Git is a great (and fashionable) source control management program. GitHub takes the pain out of hosting Git for a group – for both open-source and private projects. How to best use them together? The Way to Happiness has these 4 steps:
- Fork the project on GitHub, and clone your version. This gives you your own copy to work with.
- Make a branch (or frequent branches) for what you’re working on. Some folks systematize this with issue names and bug numbers – like “RedoPostFormatting-234” – which is probably a good idea for projects with lots of collaborators.
- If you reserve certain branch names, like “master” and “staging” for production and pre-production code, you can merge a project’s code back into your tree more easily.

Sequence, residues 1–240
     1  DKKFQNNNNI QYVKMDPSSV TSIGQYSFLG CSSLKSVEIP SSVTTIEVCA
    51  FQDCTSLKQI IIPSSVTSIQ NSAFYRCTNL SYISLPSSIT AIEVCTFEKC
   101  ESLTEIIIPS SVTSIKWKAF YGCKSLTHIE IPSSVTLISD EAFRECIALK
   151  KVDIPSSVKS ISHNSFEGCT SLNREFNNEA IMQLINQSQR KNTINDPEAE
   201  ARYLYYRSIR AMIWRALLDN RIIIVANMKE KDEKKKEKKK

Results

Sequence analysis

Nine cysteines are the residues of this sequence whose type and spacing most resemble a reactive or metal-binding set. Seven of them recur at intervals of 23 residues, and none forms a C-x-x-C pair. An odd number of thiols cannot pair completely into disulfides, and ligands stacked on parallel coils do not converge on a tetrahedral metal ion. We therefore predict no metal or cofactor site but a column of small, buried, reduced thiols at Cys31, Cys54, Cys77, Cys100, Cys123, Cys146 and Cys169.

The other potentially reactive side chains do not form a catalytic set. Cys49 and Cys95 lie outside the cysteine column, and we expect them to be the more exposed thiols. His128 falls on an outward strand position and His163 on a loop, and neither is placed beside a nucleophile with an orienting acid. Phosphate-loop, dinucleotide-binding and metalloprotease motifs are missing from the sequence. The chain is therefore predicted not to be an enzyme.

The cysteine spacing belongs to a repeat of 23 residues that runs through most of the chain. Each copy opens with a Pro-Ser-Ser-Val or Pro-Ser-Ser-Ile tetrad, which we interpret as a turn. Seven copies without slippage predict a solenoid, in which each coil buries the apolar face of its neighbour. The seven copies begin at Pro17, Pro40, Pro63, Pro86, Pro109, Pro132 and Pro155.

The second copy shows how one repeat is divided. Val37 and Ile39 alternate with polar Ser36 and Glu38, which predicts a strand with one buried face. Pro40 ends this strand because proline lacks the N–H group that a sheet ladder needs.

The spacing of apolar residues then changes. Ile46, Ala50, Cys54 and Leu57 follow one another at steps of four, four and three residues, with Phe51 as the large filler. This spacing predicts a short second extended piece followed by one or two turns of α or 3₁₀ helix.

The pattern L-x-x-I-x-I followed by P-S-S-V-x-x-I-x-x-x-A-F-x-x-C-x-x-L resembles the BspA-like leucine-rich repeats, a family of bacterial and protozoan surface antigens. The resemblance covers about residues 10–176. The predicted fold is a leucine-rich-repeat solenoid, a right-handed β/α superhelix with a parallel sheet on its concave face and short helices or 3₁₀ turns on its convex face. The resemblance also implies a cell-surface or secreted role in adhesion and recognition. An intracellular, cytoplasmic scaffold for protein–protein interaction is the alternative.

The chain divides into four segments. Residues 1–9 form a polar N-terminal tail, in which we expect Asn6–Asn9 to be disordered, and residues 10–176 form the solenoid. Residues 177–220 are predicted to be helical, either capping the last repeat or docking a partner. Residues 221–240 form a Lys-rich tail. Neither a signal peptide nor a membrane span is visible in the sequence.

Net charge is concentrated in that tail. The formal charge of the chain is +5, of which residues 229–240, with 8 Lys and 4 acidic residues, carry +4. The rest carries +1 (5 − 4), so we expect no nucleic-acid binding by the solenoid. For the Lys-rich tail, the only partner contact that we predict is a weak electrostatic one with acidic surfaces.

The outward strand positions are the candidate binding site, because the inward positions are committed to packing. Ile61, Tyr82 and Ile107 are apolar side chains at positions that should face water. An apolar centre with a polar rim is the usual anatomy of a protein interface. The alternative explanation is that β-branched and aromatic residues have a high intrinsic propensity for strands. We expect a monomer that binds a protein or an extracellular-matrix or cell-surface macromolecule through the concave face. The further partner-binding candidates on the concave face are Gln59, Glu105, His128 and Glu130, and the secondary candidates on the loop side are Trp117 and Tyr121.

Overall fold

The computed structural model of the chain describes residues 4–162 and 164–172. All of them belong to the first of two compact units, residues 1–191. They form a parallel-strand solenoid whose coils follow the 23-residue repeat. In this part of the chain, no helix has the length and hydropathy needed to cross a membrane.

- Or use the github-gem command line tool to grab a copy of somebody else’s code when needed. Here’s the salient snippet from the readme:
Let’s say you just forked
github-gem on GitHub from defunkt.
$ github clone YOU/github-gem $ cd github-gem $ github pull defunkt
This will setup a remote and branch for defunkt’s repository at master. In this case, a ‘defunkt/master’ branch.
If defunkt makes some changes you want, simply
github pull defunkt. This will leave you in the ‘defunkt/master’ branch after pulling changes from defunkt’s remote. After confirming that defunkt’s changes were what you wanted, run
git checkout master and then
git merge defunkt/master to merge defunkt’s changes into your own master branch.